Captain Arthur Anthony Brown MC

  • 1886-1918
  • Royal Field Artillery
  • Died of heart failure in Palestine 4 April 1918, aged 32
  • Buried in Ramleh War Cemetery
  • Born 30 April 1886
  • Father Mr J Brown, Chilhampton, Near Salisbury
  • Attended Abingdon School 1900 to 1905
  • Caius College, Cambridge
  • Tea planter, Ceylon

From The Abingdonian April 1918

BROWN - On 4th March 1918 abroad, from heart failure, Arthur Anthony Brown, Temporary Staff Captain, RFA, youngest son of John Brown Esq., The Close, Purton, WiIts. aged 31. Anthony Brown was the youngest of several brothers who were all prominent in the School from 1885 to 1905. He came in May 1900 and won the “Heber Clarke” Challenge Cup in 1904, and was a member of the Cricket and Football elevens. He went up to Caius College, Cambridge in 1905 and played in goal for the Ist XI. He became Iater on a Tea Planter in Ceylon.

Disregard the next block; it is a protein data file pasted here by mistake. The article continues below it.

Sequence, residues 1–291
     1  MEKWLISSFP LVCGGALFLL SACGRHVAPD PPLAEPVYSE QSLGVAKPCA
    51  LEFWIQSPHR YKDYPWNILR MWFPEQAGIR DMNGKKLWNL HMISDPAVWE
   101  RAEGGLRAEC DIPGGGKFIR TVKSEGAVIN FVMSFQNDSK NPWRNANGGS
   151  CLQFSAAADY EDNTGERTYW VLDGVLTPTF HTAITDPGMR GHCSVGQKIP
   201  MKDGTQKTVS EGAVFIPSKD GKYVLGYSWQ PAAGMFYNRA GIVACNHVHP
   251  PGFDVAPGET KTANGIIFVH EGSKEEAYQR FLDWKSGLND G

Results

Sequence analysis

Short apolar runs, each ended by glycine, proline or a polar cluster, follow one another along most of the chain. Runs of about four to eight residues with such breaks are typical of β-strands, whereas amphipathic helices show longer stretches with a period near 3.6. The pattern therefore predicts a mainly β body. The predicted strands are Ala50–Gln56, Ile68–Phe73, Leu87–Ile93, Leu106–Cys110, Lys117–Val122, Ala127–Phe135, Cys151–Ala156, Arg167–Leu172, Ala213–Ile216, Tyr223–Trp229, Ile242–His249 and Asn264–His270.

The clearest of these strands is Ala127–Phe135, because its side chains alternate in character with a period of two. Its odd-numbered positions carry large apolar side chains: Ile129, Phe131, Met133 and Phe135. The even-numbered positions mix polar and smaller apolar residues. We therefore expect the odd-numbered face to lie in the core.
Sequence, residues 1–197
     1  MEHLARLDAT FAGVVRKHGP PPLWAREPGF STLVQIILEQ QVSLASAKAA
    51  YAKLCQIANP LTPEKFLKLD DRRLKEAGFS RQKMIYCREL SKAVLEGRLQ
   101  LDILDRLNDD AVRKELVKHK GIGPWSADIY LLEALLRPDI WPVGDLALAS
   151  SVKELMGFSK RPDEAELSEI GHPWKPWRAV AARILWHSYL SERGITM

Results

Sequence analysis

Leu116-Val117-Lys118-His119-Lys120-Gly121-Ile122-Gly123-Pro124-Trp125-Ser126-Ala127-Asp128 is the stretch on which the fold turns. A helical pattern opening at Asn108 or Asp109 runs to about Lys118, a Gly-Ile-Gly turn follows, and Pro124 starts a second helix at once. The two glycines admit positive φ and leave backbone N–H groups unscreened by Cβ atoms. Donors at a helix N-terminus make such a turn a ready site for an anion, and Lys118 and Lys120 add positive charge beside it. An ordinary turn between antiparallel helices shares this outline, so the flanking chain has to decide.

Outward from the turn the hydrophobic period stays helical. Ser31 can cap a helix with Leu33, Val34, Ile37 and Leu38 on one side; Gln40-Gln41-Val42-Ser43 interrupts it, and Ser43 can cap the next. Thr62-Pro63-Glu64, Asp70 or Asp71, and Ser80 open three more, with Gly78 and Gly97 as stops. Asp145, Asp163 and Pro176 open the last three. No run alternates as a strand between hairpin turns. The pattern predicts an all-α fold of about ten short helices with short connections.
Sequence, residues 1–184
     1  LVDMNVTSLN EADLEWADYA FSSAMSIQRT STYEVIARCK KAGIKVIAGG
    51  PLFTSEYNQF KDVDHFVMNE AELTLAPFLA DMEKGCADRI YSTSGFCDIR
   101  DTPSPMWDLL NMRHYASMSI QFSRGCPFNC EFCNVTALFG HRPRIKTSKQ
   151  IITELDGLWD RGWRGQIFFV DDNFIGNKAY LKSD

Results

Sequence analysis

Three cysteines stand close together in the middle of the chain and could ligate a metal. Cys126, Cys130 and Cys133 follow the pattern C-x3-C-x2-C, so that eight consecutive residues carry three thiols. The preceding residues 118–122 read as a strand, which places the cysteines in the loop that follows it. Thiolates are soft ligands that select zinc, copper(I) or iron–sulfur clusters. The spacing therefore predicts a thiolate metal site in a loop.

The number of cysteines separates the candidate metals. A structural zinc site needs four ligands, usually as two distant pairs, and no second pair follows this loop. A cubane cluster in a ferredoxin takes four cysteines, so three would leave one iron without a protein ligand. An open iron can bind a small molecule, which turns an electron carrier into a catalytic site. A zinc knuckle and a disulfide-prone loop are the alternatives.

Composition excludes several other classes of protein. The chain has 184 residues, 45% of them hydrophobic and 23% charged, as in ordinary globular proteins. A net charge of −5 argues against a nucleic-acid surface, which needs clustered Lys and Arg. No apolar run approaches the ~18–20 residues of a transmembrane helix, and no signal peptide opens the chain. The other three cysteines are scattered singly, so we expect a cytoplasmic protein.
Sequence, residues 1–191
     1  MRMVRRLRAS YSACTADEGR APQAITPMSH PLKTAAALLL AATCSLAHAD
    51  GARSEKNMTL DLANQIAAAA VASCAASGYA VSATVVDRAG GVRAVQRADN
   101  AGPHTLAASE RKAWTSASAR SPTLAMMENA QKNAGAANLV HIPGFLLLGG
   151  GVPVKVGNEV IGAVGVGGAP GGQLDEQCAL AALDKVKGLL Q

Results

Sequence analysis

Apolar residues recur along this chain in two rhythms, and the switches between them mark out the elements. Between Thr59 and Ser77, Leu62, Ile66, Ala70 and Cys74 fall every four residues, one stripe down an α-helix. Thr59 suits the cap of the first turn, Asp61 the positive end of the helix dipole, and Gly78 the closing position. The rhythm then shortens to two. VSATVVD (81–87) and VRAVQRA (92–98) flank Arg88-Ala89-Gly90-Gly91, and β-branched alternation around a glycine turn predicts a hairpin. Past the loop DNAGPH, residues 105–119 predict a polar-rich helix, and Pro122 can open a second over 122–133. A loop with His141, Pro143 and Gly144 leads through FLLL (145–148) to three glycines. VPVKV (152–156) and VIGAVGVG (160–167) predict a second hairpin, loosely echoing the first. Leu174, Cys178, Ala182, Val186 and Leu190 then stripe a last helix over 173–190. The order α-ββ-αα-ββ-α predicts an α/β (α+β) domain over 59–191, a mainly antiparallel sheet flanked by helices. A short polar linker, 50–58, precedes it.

His General wrote:
He was a clever, hard-working soldier, and it is a great loss to us. At the time of his death he was at Divisional Headquarters, understudying the Staff Captain whom he would probably have succeeded if there had been a vacancy.

His Colonel wrote:
I can never forget the work he did for me during the strenuous days of the last big battle at Gaza and during the advance afterwards. Gallant and cool always, he never allowed the dangers and discomforts of a battle to interfere for a moment with his most methodical and punctual attention to every detail of all the administrative work which falls to an Adjutant’s lot. Only a few hours before his death it was my privilege to recommend him for a Military Cross, and richly did he deserve it. 

Citation for award of Military Cross:
For conspicuous devotion to duty throughout the operations before Gaza, and subsequently during the advance culminating with the action securing the Jaffa-Jerusalem line. This officer, as Adjutant to a group of six batteries during the bombardment and attack on the Gaza defences, was tireless in the performance of his duties, and his organization of ammunition supply, communications and returns, was beyond praise.


Handwritten record of Brown’s war service.
Transcript of Brown's war service.